Traditionally, benefits and property and casualty have been treated as two completely unrelated practice areas. Individual agents tend to specialize in one or the other, and even full-service firms often use separate specialty teams.
However, there is a symbiotic relationship between these practice areas, and specific situations may give rise to interconnected property and casualty and employee benefits issues that are difficult to separate.
Consider this scenario: During standard operating hours, an obese, diabetic, long-term smoker drives a company vehicle to make sales calls. One day, the employee lapses into a diabetic coma on the way to visit a customer and crashes the company car into a building. Who is responsible for the damages to the building? Who is responsible for the salesman’s injuries from the wreck? Is this a workers compensation claim, or are the injuries covered by his group health coverage? These are just a few of the questions that will be raised or will need answers.
Understanding how clients manage their risk provides benefits agents with valuable insight on how to help a client handle benefits issues. It is important for agents to have not only a full understanding of their client’s approach to risk management, but also a familiarity with the specific areas that overlap, such as workers compensation coverage and administration, client loss experience and coverage related to safety and benefits plan administration.
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Workers compensation is the most important form of coverage for benefits agents to understand. When an accident occurs, the first question asked is, “Was this work-related?” How this question is answered determines how the entire claim will be handled. If the accident is work-related and the company does not have workers compensation, it is important to know if the group health plan will cover it. In most instances, group health plans clearly exclude injuries that should be covered by workers compensation.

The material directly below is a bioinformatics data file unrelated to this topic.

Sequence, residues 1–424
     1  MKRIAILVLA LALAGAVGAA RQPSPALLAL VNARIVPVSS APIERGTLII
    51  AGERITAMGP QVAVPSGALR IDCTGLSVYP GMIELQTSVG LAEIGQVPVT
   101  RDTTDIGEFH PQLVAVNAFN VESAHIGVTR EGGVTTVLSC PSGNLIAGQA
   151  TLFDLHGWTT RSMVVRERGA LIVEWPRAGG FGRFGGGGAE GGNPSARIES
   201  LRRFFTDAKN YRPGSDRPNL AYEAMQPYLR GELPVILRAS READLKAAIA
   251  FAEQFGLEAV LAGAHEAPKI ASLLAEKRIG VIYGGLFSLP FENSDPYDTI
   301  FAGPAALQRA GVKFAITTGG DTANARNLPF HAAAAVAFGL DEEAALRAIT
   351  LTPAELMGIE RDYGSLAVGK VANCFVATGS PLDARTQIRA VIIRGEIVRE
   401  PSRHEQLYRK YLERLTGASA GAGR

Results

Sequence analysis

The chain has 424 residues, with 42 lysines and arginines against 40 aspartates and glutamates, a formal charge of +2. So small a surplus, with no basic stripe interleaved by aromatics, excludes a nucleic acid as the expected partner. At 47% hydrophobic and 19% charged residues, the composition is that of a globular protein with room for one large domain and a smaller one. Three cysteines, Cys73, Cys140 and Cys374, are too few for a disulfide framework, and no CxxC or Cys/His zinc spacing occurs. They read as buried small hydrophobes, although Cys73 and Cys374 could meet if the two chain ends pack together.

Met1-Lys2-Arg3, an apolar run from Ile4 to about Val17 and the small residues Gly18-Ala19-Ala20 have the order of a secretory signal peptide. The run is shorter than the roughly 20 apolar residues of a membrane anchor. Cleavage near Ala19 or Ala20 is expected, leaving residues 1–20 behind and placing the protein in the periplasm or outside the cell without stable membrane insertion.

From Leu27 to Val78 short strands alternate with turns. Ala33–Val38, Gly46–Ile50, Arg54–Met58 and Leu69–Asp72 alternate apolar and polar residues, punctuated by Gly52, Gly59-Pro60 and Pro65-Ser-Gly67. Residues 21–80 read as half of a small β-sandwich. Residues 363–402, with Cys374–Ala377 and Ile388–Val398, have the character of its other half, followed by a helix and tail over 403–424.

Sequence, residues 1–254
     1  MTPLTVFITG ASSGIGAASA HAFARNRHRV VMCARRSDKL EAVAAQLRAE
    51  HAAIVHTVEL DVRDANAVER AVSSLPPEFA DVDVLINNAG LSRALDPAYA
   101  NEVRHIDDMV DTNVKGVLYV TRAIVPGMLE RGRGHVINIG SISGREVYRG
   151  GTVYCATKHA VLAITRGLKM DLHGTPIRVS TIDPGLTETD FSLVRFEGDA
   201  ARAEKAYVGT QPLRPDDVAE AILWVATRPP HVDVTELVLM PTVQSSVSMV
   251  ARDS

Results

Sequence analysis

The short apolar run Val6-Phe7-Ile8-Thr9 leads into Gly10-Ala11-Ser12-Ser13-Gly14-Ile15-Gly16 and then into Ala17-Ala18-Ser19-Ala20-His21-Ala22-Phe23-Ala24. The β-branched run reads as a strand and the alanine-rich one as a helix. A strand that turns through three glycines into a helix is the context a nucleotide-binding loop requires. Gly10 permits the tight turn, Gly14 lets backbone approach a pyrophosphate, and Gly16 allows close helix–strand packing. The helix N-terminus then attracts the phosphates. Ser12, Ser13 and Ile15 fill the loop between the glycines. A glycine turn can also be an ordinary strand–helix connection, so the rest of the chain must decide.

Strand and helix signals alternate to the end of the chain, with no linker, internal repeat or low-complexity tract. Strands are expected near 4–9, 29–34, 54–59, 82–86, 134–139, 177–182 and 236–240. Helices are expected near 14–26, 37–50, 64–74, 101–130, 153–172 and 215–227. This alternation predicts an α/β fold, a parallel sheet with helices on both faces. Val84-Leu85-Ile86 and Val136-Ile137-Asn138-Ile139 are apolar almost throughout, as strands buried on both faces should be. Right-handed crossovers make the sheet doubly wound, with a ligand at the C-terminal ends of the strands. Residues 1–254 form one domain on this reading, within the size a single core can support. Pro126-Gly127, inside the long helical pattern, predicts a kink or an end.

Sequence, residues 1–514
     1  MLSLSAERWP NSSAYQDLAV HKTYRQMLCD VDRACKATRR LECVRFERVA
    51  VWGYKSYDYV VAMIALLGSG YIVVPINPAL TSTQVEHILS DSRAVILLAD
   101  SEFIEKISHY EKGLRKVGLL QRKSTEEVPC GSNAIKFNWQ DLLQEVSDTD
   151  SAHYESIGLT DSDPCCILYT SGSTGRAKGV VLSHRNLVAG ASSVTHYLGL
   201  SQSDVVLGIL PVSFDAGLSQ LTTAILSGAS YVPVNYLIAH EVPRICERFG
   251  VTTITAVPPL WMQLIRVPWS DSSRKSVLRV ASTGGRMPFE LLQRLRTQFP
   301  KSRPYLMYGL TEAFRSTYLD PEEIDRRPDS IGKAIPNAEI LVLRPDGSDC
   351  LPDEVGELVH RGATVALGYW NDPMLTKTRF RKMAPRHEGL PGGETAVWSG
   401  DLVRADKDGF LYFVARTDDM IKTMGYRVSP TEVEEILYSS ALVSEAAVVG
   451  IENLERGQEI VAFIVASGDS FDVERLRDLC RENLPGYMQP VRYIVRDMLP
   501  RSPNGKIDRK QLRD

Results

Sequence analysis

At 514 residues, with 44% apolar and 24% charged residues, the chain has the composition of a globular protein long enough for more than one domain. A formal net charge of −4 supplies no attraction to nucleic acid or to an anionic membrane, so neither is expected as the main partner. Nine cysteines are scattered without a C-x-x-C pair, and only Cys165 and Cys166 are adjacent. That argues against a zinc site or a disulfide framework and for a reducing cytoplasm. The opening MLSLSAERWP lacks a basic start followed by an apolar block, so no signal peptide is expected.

On the surface, an accident may appear to be work-related. However, various studies from the National Council on Compensation Insurance have shown that there is a direct correlation between work-related accidents and wellness, so the root cause of the accident might lie in previous decisions about the injured person’s personal health care. Unhealthy workers are more prone to work-related injuries because their ailments make it harder for them to function in a safe manner. For example, an obese worker who does not monitor his diet and never works out is more likely to suffer from sprains or strains from day-to-day job functions than someone who lives a healthier lifestyle.
By understanding this correlation, agents may help their clients invest in a wellness program that can ultimately result in reduced workers’ compensation costs.
How a client administers its workers compensation program can also provide predictive insights about how it can be expected to administer its benefits program. A client who changes workers compensation plans every year is likely to change benefits plans every year. Likewise, a client who uses cost as the primary selection criterion for a workers compensation plan will probably use the same criterion for selecting a benefits plan. It is hard for any plan to gain traction if it has to be retrenched each year.